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Back to Overview Volcanic rock and salt as natural energy storage facilities
Pilot projects test how excess electricity from renewables can be stored

The German government is working towards covering 65 percent of the country’s power consumption with renewables by 2030. In order to hit this target, a considerable number of solar and wind farms will need to be built in the coming years. However, this will only aggravate an issue that we already know only too well: Regeneratively produced power is being veritably thrown away as it can’t be stored. There is a lamentable lack of energy storage systems.

It is an all-too-familiar picture: A number of wind turbines remain motionless, despite the howling gales – their blades stationary, even though the rotor could be turning and the wind turbine could be generating power. These wind turbines have been consciously shut down, as the grids can’t transport their power due to capacity shortages. This summer, the Federal Agency announced that in the first quarter of 2019, 3,265 gigawatt hours of electricity was wasted for this very reason – enough power to supply one million two-person households for a whole year. The conclusion is clear: There is an urgent need for new and more efficient power lines.

But power lines alone are not enough. Large-scale energy storage is also becoming increasingly important, according to experts, as renewable sources take on the task of generating the lion’s share of electricity. These storage units will be used to accommodate excess electricity from wind farms and solar arrays, making the power available once more when needed, for example during a renewables lull when there is no wind and the sun is not shining. In this way, electricity generation and power consumption are to be made independent of one another.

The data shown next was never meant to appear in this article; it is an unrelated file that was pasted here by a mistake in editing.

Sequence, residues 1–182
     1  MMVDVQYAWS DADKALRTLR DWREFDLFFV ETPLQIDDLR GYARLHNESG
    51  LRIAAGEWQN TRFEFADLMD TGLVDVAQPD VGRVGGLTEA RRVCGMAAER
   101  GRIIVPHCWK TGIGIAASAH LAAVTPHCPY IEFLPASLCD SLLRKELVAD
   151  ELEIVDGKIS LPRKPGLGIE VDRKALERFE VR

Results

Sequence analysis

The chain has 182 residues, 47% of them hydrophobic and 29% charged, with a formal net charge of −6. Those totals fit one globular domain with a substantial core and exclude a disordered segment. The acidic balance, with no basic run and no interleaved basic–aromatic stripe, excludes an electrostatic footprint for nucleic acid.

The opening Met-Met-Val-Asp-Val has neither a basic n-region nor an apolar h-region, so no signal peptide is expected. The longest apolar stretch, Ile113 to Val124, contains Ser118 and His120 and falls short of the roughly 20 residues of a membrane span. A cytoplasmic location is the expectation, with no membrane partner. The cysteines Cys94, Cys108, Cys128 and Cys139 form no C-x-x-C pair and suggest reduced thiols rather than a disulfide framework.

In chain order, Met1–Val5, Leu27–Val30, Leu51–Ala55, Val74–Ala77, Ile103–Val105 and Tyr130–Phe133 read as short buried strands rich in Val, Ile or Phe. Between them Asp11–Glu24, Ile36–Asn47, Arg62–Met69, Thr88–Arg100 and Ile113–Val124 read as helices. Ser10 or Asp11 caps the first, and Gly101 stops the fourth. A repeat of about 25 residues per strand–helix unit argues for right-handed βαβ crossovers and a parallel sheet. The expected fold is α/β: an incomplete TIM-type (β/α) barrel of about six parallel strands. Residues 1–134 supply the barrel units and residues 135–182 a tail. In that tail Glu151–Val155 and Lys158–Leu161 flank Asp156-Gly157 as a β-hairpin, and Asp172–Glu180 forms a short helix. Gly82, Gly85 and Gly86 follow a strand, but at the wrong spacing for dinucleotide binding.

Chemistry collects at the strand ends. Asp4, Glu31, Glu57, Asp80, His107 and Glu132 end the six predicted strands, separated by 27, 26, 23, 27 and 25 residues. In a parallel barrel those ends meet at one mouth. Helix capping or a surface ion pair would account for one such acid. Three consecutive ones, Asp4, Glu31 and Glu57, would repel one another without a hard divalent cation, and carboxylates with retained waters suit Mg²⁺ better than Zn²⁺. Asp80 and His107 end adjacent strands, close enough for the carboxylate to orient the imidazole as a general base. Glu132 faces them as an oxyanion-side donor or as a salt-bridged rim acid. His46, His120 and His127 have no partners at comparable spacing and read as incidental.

As reported previously by en:former, such heavy-duty energy storage systems can take the shape of massive batteries, i.e. large-scale lithium-ion batteries. However, as it stands, these battery storage systems are still very expensive and do not have the capacity to store large quantities of excess electricity. Currently, they mostly function as an operating reserve with numerous short charging and discharging cycles. Companies are thus working on other new ways to store energy, and thermal energy is the hot topic du jour.

An overview of various energy storage projects

Volcanic rock in Hamburg

The first pilot plant of an electric thermal energy storage system is located in Hamburg (© Siemens Gamesa).

At first glance, it may seem surprising that Siemens Gamesa has developed a heat-based energy storage system. After all, the world’s second-largest turbine manufacturer is generally associated with blustering winds, lofty heights and a considerable amount of steel – not so much with hot air, steam turbines and volcanic rock. However, upon closer inspection, it makes perfect sense. The company knows that powerful and cost-effective storage systems are the perfect partner for the expansion of unpredictable wind energy.